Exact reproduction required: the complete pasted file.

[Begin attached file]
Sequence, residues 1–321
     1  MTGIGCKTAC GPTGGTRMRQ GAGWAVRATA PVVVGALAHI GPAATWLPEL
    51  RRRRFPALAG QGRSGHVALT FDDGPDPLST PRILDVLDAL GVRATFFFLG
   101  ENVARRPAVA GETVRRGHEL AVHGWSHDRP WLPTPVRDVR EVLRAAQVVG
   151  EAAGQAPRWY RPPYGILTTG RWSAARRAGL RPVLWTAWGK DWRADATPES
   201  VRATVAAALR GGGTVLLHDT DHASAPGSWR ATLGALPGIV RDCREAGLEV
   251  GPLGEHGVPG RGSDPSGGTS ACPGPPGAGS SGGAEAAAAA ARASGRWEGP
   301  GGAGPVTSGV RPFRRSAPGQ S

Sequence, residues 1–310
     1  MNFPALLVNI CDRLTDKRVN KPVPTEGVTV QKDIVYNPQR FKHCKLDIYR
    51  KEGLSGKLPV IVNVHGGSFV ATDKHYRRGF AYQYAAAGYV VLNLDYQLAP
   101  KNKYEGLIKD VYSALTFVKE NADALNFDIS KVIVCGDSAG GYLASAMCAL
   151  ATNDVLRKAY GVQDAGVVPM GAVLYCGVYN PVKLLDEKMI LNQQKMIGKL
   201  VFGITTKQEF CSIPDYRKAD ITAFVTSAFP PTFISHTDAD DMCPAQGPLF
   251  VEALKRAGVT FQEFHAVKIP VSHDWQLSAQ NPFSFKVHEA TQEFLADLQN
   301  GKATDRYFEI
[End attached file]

Sequence, residues 1–321
     1  MTGIGCKTAC GPTGGTRMRQ GAGWAVRATA PVVVGALAHI GPAATWLPEL
    51  RRRRFPALAG QGRSGHVALT FDDGPDPLST PRILDVLDAL GVRATFFFLG
   101  ENVARRPAVA GETVRRGHEL AVHGWSHDRP WLPTPVRDVR EVLRAAQVVG
   151  EAAGQAPRWY RPPYGILTTG RWSAARRAGL RPVLWTAWGK DWRADATPES
   201  VRATVAAALR GGGTVLLHDT DHASAPGSWR ATLGALPGIV RDCREAGLEV
   251  GPLGEHGVPG RGSDPSGGTS ACPGPPGAGS SGGAEAAAAA ARASGRWEGP
   301  GGAGPVTSGV RPFRRSAPGQ S

Sequence, residues 1–310
     1  MNFPALLVNI CDRLTDKRVN KPVPTEGVTV QKDIVYNPQR FKHCKLDIYR
    51  KEGLSGKLPV IVNVHGGSFV ATDKHYRRGF AYQYAAAGYV VLNLDYQLAP
   101  KNKYEGLIKD VYSALTFVKE NADALNFDIS KVIVCGDSAG GYLASAMCAL
   151  ATNDVLRKAY GVQDAGVVPM GAVLYCGVYN PVKLLDEKMI LNQQKMIGKL
   201  VFGITTKQEF CSIPDYRKAD ITAFVTSAFP PTFISHTDAD DMCPAQGPLF
   251  VEALKRAGVT FQEFHAVKIP VSHDWQLSAQ NPFSFKVHEA TQEFLADLQN
   301  GKATDRYFEI